'With respect to Guantanamo,' Petraeus added, 'I think that the closure in a responsible manner, obviously one that is certainly being worked out now by the Department of Justice -- I talked to the Attorney General the other day [and] they have a very intensive effort ongoing to determine, indeed, what to do with the detainees who are left, how to deal with them in a legal way, and if continued incarceration is necessary -- again, how to take that forward. But doing that in a responsible manner, I think, sends an important message to the world, as does the commitment of the United States to observe the Geneva Convention when it comes to the treatment of detainees.'"
webfarmer: (Default)
This is a fun one.

Nuclear: Atomic Power Has Favorable Reaction - Financial Times - 26 May 09

"A western energy executive who has been studying China’s nuclear programme tells a story about looking at pictures of the site being cleared for construction. 'Before, there was a mountain there. Then they bring the army in and a few months later the mountain has gone, and they have the space to build six reactors.'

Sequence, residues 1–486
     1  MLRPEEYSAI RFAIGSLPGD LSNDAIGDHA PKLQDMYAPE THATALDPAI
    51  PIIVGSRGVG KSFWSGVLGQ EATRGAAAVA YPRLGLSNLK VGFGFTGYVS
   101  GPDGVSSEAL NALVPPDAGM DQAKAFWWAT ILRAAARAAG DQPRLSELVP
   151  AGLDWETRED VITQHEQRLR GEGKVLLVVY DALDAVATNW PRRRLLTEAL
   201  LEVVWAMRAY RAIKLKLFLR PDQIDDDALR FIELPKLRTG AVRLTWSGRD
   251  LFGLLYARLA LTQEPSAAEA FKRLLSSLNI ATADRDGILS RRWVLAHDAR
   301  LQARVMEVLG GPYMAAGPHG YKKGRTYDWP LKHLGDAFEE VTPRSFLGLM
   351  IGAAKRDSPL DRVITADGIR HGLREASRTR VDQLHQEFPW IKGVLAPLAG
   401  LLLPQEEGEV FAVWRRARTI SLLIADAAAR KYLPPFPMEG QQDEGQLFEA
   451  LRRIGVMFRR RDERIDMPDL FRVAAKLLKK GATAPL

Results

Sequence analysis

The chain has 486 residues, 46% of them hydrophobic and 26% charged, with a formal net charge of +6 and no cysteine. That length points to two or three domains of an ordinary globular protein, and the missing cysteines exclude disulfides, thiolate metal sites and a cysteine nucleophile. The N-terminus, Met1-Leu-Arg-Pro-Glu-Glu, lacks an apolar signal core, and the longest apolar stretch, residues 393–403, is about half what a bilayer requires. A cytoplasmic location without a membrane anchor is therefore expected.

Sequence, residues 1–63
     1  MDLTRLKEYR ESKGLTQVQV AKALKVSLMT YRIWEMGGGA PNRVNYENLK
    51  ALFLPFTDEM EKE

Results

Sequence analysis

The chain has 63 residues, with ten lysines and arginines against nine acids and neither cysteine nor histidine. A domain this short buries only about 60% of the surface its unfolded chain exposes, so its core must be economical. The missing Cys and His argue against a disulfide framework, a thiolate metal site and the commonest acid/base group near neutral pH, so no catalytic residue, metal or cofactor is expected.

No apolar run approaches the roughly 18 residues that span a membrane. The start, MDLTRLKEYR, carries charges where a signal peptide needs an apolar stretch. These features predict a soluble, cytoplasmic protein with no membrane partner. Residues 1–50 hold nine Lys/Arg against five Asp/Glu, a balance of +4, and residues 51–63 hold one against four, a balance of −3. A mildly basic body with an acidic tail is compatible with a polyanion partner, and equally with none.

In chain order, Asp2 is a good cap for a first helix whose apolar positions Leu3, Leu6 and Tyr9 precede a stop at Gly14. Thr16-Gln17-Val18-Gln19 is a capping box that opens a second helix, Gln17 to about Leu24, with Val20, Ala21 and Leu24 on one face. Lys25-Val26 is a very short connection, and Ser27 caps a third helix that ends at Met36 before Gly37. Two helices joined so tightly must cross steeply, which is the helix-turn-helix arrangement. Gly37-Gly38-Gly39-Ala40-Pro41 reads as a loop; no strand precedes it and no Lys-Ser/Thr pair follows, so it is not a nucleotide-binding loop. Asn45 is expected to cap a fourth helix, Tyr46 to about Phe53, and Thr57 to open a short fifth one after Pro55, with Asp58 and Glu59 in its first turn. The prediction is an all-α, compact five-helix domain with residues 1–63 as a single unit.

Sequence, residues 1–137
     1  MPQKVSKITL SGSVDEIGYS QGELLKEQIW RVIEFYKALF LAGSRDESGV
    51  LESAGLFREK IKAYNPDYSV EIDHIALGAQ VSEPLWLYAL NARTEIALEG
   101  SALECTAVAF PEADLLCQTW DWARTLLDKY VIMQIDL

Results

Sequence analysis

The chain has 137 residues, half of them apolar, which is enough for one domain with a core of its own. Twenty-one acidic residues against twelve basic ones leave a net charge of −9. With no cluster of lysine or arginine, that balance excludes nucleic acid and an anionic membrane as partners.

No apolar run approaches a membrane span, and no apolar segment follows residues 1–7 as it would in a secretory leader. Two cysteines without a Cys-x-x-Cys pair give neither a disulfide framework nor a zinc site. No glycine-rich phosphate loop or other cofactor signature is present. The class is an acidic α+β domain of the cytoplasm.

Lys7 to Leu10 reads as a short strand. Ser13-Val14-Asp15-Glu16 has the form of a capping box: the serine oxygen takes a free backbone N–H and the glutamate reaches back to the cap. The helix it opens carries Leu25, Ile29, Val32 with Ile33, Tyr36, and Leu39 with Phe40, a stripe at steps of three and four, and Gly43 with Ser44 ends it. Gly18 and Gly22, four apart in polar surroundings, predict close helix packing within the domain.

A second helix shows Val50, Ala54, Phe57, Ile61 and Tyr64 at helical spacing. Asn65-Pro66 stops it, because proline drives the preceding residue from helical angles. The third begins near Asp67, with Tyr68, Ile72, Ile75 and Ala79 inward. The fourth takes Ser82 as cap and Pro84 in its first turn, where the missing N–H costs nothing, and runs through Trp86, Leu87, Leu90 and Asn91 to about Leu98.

He tells the story with a slightly wistful air. If only – he must be thinking – building reactors in the west were that easy.
"

"Stephen Thomas, professor of energy studies at the University of Greenwich, argues: 'The two main French entities in nuclear power – Areva and EDF – originally were, and remain today, largely branches of the French government. They are directed as a matter of state policy and have benefited from extremely favourable government financing and credit assurances.

'To duplicate this experience in the US, you would essentially have to nationalise your electric utilities and have all new power plant siting decisions emanate from the White House.'


Although issues of safety, nuclear proliferation and waste disposal often dominate the political debate about nuclear power, the central issue for companies thinking of investing in nuclear power is simply cost. New nuclear plants are hugely expensive. EDF estimates about €4bn-€5bn ($5bn-$7bn) for one of its 1,600 megawatt reactors."